100%

Scanned image of the page. Keyboard directions: use + to zoom in, - to zoom out, arrow keys to pan inside the viewer.

Page Options

Download this Issue

Share

Something wrong?

Something wrong with this page? Report problem.

Rights / Permissions

This collection, digitized in collaboration with the Michigan Daily and the Board for Student Publications, contains materials that are protected by copyright law. Access to these materials is provided for non-profit educational and research purposes. If you use an item from this collection, it is your responsibility to consider the work's copyright status and obtain any required permission.

February 10, 2014 - Image 11

Resource type:
Text
Publication:
The Michigan Daily, 2014-02-10

Disclaimer: Computer generated plain text may have errors. Read more about this.

The Michigan Daily - michigandaily.com

Monday, February 10, 2014 - 3B

SPORTSMONDAY COLUMN
Separating an investigation and its response

In keeping with Michigan's
mishandling ofthe
aftermath of former kicker
Brendan Gibbons' expulsion
for sexual
misconduct,
Michigan
coach Brady
Hoke's press
conference on
Wednesday
was, again,
unacceptably
lacking. ZACH
Hoke had HELFAND
putouta
statement
to a secretive meeting of five
select news outlets Monday.
Asked again about the Gibbons
situation Wednesday, Hoke
made references to that nebulous
statement. He made a prolonged,
stern stare. He made more
references to that statement.
He talked freely about
recruiting - it was National
Signing Day, after all - but in
his first open press conference
after the Gibbons incident came
to light, he said almostnothing
at all. He said he has "no idea"
how student misconduct is
investigated. He said, of those
who feel the University is hiding
behind something, "That's your
opinion."
He said, again, "Did I give you
a statement?"
This was another misguided,
discomforting response to the
questions over how Michigan
handled allegations of sexual
misconduct against Gibbons.
But it has now become too
easy to confuse Michigan's
botched response for a botched
investigative process. The
Athletic Department and the
University still must answer
questions about that. But there
are two distinct issues here:
how the University pursues
charges of sexual misconduct,
and Michigan's unsettling lack of
transparency.
To be clear: The idea that
the University or the Michigan

"Fort Schembechler" - the
nickname bestowed upon the
football program's nothing-in-
nothing-out tendencies - is
nice for football games, but it
is less so for more important
matters.
So it comes with little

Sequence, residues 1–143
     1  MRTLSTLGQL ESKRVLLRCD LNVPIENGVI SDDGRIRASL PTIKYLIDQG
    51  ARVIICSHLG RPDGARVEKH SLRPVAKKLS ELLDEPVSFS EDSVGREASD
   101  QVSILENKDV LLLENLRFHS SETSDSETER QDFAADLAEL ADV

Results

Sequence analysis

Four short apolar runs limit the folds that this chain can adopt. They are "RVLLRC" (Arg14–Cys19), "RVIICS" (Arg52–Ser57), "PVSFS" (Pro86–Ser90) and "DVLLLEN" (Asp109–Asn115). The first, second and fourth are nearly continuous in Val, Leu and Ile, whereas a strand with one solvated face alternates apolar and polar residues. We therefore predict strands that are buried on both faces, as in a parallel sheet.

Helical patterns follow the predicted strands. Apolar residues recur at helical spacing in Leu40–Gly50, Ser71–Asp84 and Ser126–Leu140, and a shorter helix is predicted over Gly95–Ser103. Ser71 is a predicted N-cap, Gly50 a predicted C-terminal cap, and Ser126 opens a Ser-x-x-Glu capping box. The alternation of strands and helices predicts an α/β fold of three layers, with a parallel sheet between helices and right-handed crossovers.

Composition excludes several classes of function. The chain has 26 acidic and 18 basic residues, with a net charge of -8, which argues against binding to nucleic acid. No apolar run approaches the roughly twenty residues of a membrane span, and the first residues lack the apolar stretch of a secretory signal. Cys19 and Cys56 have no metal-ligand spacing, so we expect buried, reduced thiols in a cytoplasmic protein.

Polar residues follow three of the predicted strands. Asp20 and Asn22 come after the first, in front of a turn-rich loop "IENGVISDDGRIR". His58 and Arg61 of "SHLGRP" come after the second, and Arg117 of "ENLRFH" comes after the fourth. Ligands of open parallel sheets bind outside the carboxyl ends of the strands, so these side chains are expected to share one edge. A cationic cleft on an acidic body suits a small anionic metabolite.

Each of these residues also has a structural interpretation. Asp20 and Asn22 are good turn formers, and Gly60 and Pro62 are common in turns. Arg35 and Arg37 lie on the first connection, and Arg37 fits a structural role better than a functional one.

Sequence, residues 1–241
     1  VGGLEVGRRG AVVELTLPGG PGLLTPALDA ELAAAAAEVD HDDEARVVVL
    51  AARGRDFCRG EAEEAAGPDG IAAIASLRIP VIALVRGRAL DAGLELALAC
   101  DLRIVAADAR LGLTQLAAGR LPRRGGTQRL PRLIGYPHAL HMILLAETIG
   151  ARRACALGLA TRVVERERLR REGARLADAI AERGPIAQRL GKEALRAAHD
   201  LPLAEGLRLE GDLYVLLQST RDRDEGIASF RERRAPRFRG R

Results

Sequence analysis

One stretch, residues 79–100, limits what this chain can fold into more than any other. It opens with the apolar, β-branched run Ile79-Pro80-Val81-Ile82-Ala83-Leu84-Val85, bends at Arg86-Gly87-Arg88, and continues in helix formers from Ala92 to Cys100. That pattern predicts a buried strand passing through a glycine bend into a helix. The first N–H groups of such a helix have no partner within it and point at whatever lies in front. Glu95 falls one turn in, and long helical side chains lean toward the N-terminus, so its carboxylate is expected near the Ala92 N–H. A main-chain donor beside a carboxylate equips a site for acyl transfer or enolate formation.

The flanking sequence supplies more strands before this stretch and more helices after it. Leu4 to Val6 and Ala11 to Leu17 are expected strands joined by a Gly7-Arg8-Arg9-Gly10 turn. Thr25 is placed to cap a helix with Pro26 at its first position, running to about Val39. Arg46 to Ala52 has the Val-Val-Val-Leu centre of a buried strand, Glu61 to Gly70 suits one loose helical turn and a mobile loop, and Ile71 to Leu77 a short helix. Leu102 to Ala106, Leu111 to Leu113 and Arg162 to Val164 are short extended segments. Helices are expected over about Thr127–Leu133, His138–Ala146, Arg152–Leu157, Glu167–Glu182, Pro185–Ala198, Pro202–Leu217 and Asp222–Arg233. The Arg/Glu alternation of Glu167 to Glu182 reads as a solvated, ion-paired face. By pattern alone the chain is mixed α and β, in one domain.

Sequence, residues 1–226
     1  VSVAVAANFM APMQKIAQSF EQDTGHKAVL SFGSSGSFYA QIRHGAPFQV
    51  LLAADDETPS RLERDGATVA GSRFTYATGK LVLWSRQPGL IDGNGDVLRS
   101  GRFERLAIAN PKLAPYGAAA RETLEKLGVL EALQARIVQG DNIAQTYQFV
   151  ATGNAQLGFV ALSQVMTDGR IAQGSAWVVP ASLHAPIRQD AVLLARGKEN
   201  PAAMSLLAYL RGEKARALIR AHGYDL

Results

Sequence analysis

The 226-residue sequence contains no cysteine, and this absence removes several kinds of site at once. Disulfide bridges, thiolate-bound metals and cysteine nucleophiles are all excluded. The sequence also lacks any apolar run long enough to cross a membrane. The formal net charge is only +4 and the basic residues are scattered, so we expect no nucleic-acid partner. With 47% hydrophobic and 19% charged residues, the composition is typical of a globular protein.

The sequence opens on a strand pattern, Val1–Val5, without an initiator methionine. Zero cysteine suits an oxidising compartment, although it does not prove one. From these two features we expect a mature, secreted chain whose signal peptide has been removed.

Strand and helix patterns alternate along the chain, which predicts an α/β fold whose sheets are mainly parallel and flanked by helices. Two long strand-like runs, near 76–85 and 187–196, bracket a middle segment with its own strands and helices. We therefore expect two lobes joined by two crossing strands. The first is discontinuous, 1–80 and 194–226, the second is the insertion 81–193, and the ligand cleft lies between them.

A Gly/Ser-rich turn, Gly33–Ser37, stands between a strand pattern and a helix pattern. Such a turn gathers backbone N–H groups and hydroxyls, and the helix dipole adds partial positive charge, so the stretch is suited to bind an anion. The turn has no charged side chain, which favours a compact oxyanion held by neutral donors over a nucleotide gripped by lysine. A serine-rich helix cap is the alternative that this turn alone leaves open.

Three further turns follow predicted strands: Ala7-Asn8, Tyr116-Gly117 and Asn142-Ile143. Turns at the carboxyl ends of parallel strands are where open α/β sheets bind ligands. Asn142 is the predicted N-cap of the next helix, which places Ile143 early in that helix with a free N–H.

surprise that the Athletic
Department's first reaction was
to deny knowledge of Gibbons'
expulsion. It comes with little
surprise the University's first
reaction was to cite privacy
laws, despite the fact that they
explicitly exclude "a student
who is an alleged perpetrator
of any crime of violence ... or
a nonforcible sex offense." It
comes as little surprise that
Bill Martin, Michigan's athletic
director at the time the alleged
incident occurred, denied
knowledge of any incident
involving Gibbons. And it comes
as little surprise that at the first
public comments made by Hoke
followingthe Daily's reporton
Gibbons's expulsion, the Daily
and other outlets were not
invited. It matters little when the
press conference was initially
scheduled.
Still, all of this is evidence of a
mishandled response to Gibbons'
expulsion. That shouldn't be
confused for a cover-up or a delay
in investigating his misconduct.
Currently, no evidence supports
that claim.
We can't change how the
University investigated Gibbons
or anyone else in the past. But we
can engage in a debate over how
the University can better create
a safe space;while protecting
the rights of all involved. We can
ensure the other incidents, the
ones that don't involve football
players, are handled properly.
But that would require
transparency. The University
and the Athletic Department
have shown that's a non-starter.
Helfand can be reached
at zhelfand@umich.edu or
on Twitter @zhelfand

Michigan football coach Brady Hoke and the Michigan Athletic Department have responded poorly to the Brendan Gibbons case, writes Zach Helfand.

football team would in any way
obstruct or cover up sexual
misconduct allegedly committed
by Brendan Gibbons doesn't
seem logical.
Consider: Gibbons was, in
2009, a mediocre freshman
kicker who was in his redshirt
year; better players have been
kicked off or disciplined for less;
it doesn't make sense for Hoke to
risk his job by playing Gibbons
in an effectively meaningless
game against Iowa on Nov. 23
- a few days after a University
body found him responsible for
sexual misconduct. The Ann
Arbor police, apparently, did not
have enough to press criminal
charges.
The University's sexual
misconduct policy at the time
required a complainant to
initiate an investigation. Unless
a complainant came forward, the
University had no options. With
no action from the police or from

the University, the football team
did nothing.
In 2013, the same year the
University implemented its
new sexual misconduct policy,
Gibbons was investigated and
expelled.
To this point, the University
acted exactly as it should.